The Manufacturers’ Perspective
Flatbed printer makers, of course, have a lot of good ideas about how to expand services using flatbeds. At Fujifilm North America Corporation Graphic Systems Division, product marketing manager, inkjet, Steve Cutler notes the only restriction on uses is your imagination.
“You are able to print on doors, various household products, [and] basically any finished goods under two inches thick can now have high-end graphics applied. With our ink formulation technology, we are able to print many different types of substrate, and you are not limited to foam core, styrene, and the like. We’ve printed on cutting boards for samples at trade shows. We’ve also printed three-dimensional die cut wind chimes, and the effect is spectacular. We are always thinking beyond paper-based products.”
The Acuity Advance Select HS-6 printers can alternatively be configured with white and clear ink channels, he says. Adding white and clear ink channels allows PSPs to print on a range of non-white substrates and add a spot or flood coat varnish effect in a single operation, all on one printer.
One of the key features incorporated into the new Acuity Advance Select HS-6 and HS-6 X2 models is the inclusion of six independent ink channels, Cutler adds. “For printers that focus on retail signage or other standard graphics applications requiring the highest throughput, channels five and six can be configured to enhance print speed by adding extra cyan and magenta nozzle capacity,” he reports.”
Moving to the flatbed printers of HP, many sign shops, franchised operations, and smaller in-house printing centers choose the mid-range platform, the HP Scitex FB500 Industrial Printer and the HP Scitex FB700 Industrial Printer. So says Ken Van Horn, Americas category manager with HP Scitex Industrial Presses. “They will choose that printer to give them the ability to do roll-to-roll, sheet-fed, and also cut sheets and rigid materials,” he says. “It gives them high-quality printing at speeds for small or short-runs. They can also do a lot of prototyping on them as well. A couple pieces of a prototype for a one-off or shelf ready can be done with this machine.”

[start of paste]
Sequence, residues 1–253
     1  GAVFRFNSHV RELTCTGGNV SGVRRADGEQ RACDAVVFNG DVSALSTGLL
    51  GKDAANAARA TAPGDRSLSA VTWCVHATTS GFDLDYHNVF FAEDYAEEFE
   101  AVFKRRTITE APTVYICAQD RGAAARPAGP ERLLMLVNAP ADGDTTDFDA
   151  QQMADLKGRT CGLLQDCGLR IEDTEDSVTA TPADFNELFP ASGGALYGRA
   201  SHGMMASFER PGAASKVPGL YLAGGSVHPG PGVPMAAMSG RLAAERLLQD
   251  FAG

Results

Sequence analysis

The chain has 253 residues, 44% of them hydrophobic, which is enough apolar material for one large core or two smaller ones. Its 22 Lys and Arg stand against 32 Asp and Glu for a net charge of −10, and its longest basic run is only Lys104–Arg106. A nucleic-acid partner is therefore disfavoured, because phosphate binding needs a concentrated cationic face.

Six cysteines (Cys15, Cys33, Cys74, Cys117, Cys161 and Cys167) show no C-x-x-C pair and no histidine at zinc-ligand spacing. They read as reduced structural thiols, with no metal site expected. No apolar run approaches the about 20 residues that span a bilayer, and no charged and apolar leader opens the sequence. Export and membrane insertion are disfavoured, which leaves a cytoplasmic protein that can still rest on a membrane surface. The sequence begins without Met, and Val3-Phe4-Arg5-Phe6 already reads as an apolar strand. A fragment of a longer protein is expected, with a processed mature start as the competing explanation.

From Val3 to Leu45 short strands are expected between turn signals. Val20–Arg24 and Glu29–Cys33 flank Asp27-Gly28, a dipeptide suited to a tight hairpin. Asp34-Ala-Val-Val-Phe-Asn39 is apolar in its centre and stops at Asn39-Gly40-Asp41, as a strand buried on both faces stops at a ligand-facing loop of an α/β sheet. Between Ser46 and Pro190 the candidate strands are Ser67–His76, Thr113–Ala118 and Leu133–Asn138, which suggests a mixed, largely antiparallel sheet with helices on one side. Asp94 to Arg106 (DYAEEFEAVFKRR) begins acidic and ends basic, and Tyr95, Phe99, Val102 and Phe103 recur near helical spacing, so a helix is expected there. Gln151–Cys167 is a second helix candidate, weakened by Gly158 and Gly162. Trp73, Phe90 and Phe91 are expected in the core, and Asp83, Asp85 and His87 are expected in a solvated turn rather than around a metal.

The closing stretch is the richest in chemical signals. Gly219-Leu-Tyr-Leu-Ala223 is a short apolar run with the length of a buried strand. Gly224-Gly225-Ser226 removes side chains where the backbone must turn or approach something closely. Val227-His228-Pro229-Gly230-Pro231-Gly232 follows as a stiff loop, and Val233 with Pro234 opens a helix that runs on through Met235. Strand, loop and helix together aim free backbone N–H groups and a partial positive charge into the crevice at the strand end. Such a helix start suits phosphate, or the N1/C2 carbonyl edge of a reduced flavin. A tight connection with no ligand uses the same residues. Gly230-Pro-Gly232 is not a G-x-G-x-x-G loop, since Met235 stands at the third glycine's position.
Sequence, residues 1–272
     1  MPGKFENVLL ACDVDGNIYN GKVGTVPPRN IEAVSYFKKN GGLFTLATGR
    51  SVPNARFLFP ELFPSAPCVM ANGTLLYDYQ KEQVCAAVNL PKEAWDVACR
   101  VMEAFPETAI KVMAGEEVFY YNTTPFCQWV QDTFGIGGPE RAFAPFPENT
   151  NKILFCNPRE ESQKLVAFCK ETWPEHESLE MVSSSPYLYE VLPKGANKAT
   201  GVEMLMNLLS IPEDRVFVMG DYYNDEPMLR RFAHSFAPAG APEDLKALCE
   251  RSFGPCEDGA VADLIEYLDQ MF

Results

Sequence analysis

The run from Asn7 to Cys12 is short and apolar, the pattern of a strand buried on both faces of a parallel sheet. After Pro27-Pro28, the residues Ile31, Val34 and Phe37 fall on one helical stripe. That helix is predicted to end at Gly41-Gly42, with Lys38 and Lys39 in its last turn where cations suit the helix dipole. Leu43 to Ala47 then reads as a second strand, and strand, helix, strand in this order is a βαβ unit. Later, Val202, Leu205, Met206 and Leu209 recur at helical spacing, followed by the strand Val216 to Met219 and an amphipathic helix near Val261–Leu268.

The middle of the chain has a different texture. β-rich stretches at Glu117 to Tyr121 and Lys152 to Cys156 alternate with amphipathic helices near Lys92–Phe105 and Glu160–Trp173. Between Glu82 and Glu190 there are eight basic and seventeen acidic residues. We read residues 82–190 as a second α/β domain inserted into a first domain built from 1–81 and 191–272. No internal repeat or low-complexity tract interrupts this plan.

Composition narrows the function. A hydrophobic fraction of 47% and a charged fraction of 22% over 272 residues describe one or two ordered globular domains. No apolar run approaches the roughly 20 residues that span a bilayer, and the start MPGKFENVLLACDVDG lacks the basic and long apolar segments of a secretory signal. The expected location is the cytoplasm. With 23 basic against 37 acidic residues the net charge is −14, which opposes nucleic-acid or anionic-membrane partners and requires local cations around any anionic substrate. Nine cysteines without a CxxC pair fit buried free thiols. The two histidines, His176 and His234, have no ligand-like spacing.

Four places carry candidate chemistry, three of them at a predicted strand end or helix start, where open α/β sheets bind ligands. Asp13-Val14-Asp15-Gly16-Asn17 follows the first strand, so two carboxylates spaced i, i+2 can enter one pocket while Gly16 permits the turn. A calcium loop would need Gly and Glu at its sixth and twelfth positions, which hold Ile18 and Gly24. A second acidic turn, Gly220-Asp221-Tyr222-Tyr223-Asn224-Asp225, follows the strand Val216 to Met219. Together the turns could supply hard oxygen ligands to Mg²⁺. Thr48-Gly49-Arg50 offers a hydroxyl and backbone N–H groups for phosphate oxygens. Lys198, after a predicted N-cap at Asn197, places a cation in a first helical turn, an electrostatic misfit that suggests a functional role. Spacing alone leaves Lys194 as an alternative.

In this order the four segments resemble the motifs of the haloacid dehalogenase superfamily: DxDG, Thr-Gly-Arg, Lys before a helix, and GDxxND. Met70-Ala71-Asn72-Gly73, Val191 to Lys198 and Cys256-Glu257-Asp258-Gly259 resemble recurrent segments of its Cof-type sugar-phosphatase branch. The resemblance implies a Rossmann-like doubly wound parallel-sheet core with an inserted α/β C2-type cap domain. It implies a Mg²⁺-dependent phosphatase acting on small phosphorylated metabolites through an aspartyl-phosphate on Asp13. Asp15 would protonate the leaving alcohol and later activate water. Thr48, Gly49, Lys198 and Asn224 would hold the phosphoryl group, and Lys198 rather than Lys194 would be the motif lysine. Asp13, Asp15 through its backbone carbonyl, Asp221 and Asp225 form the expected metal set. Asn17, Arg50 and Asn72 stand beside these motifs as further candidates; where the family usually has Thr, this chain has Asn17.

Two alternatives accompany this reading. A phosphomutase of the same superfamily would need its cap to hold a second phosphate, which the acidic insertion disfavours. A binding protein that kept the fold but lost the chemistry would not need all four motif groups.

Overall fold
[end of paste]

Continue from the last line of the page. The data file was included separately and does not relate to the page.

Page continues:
On the industrial side, HP offers the HP Scitex FB7600 Industrial Press and the HP Scitex FB10000 Industrial Press. These machines are for the longer, more industrial types of runs, Van Horn says.
What HP noticed with the FB7600 is that screen printers embraced the machine and bought it to replace their screen printer, he adds.
“It gave them high quality, lower cost per copy, comparable speeds, and versatility,” he says, noting the market shift to multiple-piece, short runs averaging 2,000 pieces has enabled the move from screen printing and made it much more economical to run a digital device. “We’re seeing the same shift with the 10000 in the offset market. Those large runs are becoming short runs, and becoming very localized or regionalized. A lot of variable data is going through, and is enabled by using digital devices.”
Van Horn envisions the digital market taking over more of the traditional analog business in the years ahead. “You see a lot of analog users migrating to digital, because of the price pressures they face and the desire for quicker turns,” he observes. “And the digital machines are getting much more economical to run. You’re getting much higher quality as well. That near-offset quality from a digital device was the last hurdle that had to be overcome.”
A final bit of advice is offered by G. Scott Wood, product manager for EFI Wide-Format Printers, including the flatbed EFI T1000 UV-curable printer and the EFI H652 hybrid printer. Print professionals must consider the applications, market, and margin opportunities to sell wide-format flatbed printing, he says.
“It might not be all one type of work, so a company has to keep an eye out for the different types of wide-format print jobs it can sell,” he observes.